History of the Facel Vega
The Facel Vega was the brainchild of Jean Daninos, whose determination led him to recreate the classic French grande routière exemplified by Bugatti, Delage, Hotchkiss, Delahaye and Talbot in the years between the wars. After working with Citroen on the development of pressed steel bodies, Daninos established Forges et Ateliers de Construction d’Eure-et-Loir in 1939 for the manufacture of aircraft components and metal furniture, specializing in stainless steel. After the war, Facel built bodies for Panhard, Simca and Ford-France and also produced Pininfarina-designed coachwork for the Daninos-inspired Bentley Cresta, precursor of the famed Bentley Continental.
Building on the experience of these ventures, Daninos unveiled his first Facel – the aptly named Vega – at the Paris Salon in 1954. Over the next 10 years, the range progressed through the FV to the HK500 and Facel II models – all being fitted with the most powerful Chrysler V8 engines available. They were luxuriously appointed 2+2 coupes except for a limited-production limousine, the Excellence, produced from 1958 to 1962, with the remarkable feature of four doors with no central pillar.
In 1959 the Facellia was introduced at the Paris Salon. This beautiful two-seater convertible was a major step by Daninos towards his ultimate aim of an all-French car. The 1647cc twin overhead cam engine was designed and manufactured in collaboration with Pont-à-Mousson, who were already producing manual gearboxes for the Chrysler-engined cars. The Facellia range was later expanded to include two- and four-seater fixed-head coupes. Unfortunately, despite some advanced features and high power output for its size, lack of development and production difficulties caused disappointing reliability and the resultant poor publicity led directly to the demise of the company. Later versions of the small Facel were powered by Volvo or Austin Healey engines.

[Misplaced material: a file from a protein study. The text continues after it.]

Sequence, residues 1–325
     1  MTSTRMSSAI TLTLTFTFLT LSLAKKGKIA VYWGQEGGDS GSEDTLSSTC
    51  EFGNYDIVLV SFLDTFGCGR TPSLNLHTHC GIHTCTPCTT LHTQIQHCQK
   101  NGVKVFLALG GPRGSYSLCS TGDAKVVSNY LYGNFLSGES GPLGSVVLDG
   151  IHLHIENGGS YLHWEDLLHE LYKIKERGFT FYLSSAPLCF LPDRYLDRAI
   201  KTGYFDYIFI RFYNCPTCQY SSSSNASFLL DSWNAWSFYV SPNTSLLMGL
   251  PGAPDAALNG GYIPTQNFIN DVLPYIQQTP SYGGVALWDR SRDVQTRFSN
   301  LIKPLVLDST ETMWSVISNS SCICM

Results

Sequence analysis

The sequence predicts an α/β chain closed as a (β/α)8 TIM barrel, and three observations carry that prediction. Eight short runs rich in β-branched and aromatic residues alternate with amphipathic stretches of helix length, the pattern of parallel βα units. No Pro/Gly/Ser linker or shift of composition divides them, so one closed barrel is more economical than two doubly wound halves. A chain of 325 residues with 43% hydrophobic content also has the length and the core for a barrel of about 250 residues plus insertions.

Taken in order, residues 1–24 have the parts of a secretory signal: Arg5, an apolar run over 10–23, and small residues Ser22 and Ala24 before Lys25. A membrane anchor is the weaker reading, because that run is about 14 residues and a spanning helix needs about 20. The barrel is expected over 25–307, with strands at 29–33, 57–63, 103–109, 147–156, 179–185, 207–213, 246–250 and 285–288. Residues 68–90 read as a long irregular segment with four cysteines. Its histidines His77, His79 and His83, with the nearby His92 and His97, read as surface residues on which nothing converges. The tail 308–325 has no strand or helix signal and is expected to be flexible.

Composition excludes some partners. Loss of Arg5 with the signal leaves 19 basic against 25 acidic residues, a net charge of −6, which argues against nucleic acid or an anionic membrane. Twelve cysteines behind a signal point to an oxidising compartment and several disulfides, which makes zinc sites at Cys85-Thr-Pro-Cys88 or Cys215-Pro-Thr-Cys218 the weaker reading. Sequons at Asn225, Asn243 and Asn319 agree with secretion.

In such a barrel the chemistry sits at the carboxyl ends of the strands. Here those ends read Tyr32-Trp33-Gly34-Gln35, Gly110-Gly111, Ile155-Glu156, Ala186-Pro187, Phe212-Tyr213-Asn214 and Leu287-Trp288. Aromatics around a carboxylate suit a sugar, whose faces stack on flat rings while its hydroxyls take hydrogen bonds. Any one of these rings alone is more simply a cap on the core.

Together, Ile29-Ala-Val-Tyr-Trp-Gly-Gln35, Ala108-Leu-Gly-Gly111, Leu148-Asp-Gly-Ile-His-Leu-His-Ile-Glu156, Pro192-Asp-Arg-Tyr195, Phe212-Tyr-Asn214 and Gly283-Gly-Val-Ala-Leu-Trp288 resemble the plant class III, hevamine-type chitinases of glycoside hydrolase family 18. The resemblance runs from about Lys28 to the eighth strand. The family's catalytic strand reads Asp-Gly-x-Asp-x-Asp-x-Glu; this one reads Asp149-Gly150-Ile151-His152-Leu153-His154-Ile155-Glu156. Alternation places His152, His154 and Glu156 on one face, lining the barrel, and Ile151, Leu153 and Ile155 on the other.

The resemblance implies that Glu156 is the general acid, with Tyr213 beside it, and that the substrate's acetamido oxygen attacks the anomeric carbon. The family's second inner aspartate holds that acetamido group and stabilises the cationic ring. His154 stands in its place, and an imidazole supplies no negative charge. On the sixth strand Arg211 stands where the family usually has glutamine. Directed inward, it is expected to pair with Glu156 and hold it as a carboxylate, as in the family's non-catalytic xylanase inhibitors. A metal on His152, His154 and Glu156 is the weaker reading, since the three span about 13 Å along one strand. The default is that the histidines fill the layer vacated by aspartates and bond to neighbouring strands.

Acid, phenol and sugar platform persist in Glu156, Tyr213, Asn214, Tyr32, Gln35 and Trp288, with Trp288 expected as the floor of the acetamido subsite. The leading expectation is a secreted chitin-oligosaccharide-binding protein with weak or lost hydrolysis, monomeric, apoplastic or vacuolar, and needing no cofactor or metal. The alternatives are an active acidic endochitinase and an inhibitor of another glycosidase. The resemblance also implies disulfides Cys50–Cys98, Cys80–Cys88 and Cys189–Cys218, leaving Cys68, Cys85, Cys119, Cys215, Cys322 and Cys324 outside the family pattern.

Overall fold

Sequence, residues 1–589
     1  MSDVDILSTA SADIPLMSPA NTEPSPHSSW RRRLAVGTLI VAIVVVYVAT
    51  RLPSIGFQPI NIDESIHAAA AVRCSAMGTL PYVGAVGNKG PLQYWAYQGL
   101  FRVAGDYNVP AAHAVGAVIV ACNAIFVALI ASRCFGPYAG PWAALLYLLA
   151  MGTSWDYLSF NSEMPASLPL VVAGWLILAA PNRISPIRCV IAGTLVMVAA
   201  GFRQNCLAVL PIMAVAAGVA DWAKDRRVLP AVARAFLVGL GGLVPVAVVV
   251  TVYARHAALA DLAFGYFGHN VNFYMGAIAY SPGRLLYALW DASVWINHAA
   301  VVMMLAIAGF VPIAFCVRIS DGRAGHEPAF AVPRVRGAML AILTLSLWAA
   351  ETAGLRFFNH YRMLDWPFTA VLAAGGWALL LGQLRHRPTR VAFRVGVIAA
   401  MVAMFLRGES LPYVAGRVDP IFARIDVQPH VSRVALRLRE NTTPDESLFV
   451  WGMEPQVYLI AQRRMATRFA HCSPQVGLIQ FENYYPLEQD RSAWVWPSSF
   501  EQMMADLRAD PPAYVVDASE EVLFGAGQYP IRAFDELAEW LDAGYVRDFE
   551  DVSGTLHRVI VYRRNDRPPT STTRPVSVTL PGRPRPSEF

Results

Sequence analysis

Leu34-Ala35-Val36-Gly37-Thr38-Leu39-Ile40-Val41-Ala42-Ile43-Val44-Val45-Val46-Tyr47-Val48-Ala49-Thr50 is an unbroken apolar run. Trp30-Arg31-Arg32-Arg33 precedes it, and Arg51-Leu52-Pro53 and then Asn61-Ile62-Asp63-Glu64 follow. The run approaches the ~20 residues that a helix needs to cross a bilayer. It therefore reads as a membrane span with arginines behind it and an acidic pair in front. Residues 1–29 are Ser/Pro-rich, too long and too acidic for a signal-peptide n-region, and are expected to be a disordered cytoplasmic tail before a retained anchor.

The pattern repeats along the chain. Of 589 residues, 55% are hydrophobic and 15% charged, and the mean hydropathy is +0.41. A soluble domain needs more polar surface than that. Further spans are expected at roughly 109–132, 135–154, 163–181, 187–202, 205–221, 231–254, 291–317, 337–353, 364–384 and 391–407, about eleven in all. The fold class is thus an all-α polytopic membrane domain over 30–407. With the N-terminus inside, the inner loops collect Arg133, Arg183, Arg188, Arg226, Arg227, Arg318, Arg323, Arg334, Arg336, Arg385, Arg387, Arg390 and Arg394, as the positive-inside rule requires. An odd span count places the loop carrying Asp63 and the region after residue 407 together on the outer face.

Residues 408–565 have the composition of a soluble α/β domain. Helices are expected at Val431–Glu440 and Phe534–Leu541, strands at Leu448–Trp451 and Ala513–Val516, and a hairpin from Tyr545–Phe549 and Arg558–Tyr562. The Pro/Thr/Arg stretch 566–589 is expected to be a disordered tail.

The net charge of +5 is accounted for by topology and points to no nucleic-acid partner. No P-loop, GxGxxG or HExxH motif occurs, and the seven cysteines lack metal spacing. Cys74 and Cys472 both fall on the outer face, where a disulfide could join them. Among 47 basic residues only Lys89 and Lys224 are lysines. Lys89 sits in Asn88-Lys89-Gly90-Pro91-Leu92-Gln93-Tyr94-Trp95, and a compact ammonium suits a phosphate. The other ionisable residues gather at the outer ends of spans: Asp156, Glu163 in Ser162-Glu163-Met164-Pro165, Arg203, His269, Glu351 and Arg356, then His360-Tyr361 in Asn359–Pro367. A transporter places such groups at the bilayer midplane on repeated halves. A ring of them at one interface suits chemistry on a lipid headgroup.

Approximately 2900 cars of all models were hand-built in the short life of Facel. All were stylish, luxurious and fast. Naturally they were also very expensive – prices for the Facel II were comparable to those of the equivalent Rolls Royce – and were bought by the rich and famous seeking something different and distinctive.
The exclusive styling and prestigious aura appealed to royalty and other notables – the star-studded list of owners is a miniature “Who’s Who”, with a shah, a king, ambassadors, princes and presidents, Danny Kaye, Tony Curtis, Francois Truffaut, Brian Rix, Ringo Starr, Lionel Bart, Joan Fontaine, and Ava Gardner (who had no less than three). To complete the grande routière image, great racing figures of the time such as Rob Walker, Maurice Trintignant and Stirling Moss, used Facels to cover the distances between the race tracks of Europe at high speed in comfort and safety.
In total, 164 of the cars were sold in the UK – only 62 are known to remain (the Club is actively trying to trace missing cars listed here). Because of these small numbers the marque has been largely forgotten except by classic car buffs and the few members of the Facel Vega Car Club, which must be one of the smallest clubs of its kind. In recent years however, some well restored cars have appeared leading to renewed interest in this first of the post-war EuroAmerican hybrids. The supercar appearance of the HK500 and the elegant French style of the Facel II create a stir when displayed today as much as when they were first seen, and the Facellia remains one of the prettiest and most well-appointed small sports cars ever produced.
We have to be thankful that Jean Daninos followed his star and we have the Facel Vega.